Easy Double Exposure Photography Tips for Beginners

Double exposure photography is a very intriguing technique which combines two exposures into a single image. This method is proven to provide more appeal and is always used in many commercial means of photography. With the advent of digital photography, achieving double exposures has become easier than ever before. Most cameras now have built in features that allow photographers to set the double and even multiple exposures setting with just one turn of a camera setting knob. Check (Understanding Camera Exposure).

Here are some tips on how to produce come up with a stunning combination of images that will result into very interesting double exposure photographs. First you need to understand the concept of positive and negative values of photography, the black and white. Check (Stunningly Artistic Double Exposure Photography).

In photography, White signifies a burned out data. Once you burn out this part of the image, it is gone forever and you cannot overlap any image on it again. Black represents an exposure which didn’t take place at all; this is perfect for overlapping the second exposure. The black parts are considered the unexposed (virgin) part and the following exposure will fill those parts with an element. Experiment with taking multiple images that has both black and white on the extreme ends and other color values in between.

Try these simple steps to acclimatize yourself with the basics of double exposure photography:

 

Photo by Dan Mountford
Photo by Dan Mountford

Take a ‘selfie’ with a black background while holding your camera at an arm’s length. You will easily get a normal portrait of yourself with a very bland black background; this however creates an opportunity for the black part to be filled up with another image. Take a second image (this is after you set your camera in its multi-exposure mode), preferably a colourful subject with a white or bright background. In a simple experiment I took another shot of a plant sitting on my apartment window with the city skyscrapers as the background on a clear day. I underexposed the plant by 2 stops to have my face become more visible in the black or underexposed area. The end result was an interesting double exposure showing my face surrounded by parts of the plants while the city building and sky serving as the background. You can further modify this and improve the combination of the two images by tweaking it in a photo editing software by adding contrast, reducing saturation, filling a shadow and sharpening the image.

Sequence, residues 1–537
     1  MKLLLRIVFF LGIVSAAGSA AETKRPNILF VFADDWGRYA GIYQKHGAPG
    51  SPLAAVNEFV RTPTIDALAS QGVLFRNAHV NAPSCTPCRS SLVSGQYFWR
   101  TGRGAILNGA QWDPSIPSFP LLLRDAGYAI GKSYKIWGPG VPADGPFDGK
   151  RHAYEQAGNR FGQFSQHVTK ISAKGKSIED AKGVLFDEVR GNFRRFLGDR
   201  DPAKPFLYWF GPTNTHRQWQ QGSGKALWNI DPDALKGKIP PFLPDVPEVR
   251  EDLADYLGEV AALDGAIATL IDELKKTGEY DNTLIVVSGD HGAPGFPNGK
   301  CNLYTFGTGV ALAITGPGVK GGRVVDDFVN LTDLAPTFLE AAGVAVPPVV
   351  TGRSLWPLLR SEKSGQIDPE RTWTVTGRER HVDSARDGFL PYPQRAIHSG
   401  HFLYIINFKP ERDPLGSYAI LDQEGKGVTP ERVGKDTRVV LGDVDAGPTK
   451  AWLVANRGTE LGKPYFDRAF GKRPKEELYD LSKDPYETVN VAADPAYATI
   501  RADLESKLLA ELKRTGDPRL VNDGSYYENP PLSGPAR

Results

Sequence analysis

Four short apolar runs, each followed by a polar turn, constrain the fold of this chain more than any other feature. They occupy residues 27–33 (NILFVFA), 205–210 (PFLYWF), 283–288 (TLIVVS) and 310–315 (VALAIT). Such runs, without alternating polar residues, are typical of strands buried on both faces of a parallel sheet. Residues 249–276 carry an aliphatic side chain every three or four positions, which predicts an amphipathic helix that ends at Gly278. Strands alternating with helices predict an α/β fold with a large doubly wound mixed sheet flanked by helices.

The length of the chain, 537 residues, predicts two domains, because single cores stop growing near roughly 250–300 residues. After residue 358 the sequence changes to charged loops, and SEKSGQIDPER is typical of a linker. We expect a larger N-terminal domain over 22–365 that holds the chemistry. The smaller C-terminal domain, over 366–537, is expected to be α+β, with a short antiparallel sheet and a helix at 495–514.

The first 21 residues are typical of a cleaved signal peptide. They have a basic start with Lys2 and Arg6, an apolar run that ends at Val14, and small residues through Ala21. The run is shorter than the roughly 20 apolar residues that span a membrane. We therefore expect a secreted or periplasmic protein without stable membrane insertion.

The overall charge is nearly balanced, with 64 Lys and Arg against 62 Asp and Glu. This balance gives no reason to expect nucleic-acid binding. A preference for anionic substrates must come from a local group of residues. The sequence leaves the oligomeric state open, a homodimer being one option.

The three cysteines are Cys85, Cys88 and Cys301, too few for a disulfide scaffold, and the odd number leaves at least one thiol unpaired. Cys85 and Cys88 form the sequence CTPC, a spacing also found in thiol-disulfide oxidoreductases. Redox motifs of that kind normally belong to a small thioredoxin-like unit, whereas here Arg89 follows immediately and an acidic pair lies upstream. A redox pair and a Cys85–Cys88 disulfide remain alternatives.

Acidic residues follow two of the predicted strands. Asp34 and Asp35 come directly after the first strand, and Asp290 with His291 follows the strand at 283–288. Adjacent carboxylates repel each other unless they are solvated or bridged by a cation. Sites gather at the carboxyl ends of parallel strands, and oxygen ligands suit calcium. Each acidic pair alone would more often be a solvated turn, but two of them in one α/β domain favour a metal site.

For exposure settings; there are two methods to remember when doing double exposure photography.

 

Multiple double exposure
Multiple double exposure

Method 1:

For example you will photograph a tree and a person as your double exposure subjects, if your camera automatically suggests a setting of 1/60 at f.8 for both subjects, the exposure for the tree should be at half of the entire exposure. Therefore to include half of the tree, you should set your exposure at 1/125 then take a picture of the person with the same setting. This setting lets both images at half of its light, which will blend together perfectly. Experiment with different setting but do not follow the camera prescribed setting for single exposure images.

Method 2:

There are other ways to tinker with exposure. One of the coolest ways is by altering the ISO setting. If your camera is set at ISO 100, at ISO 100 you can expose 1 frame properly. But at ISO 200 you can achieve 2 frames perfectly since each image will get half the suggested exposure! At ISO 300 you can expose 3 frames correctly and so on.

There it goes, I hope after reading this article you can now start capturing engaging double exposure photographs.

Next photography lessons:

Photography Intermediate 1: Understanding Camera Metering

Photography Intermediate 2: Photography Tips: How To Choose A Tripod

Photography Intermediate 3: Beginners’ Emotional Photography

Photography Intermediate 5: Create a Sense of Depth to Your Shot

Photography Intermediate 6: Maximize the Background in your Composition


About Kristine Buenavista

Tin oftentimes takes her folding bike and old camera along country roads. Sometimes, she forgets to take pictures (though she never forgets when she finds great photos elsewhere). She narrates through words and images here. Travel, creativity, laughter, cerveza negra, scavenge hunt for beauty, starry-windy nights are among the things that make her feel weightless.

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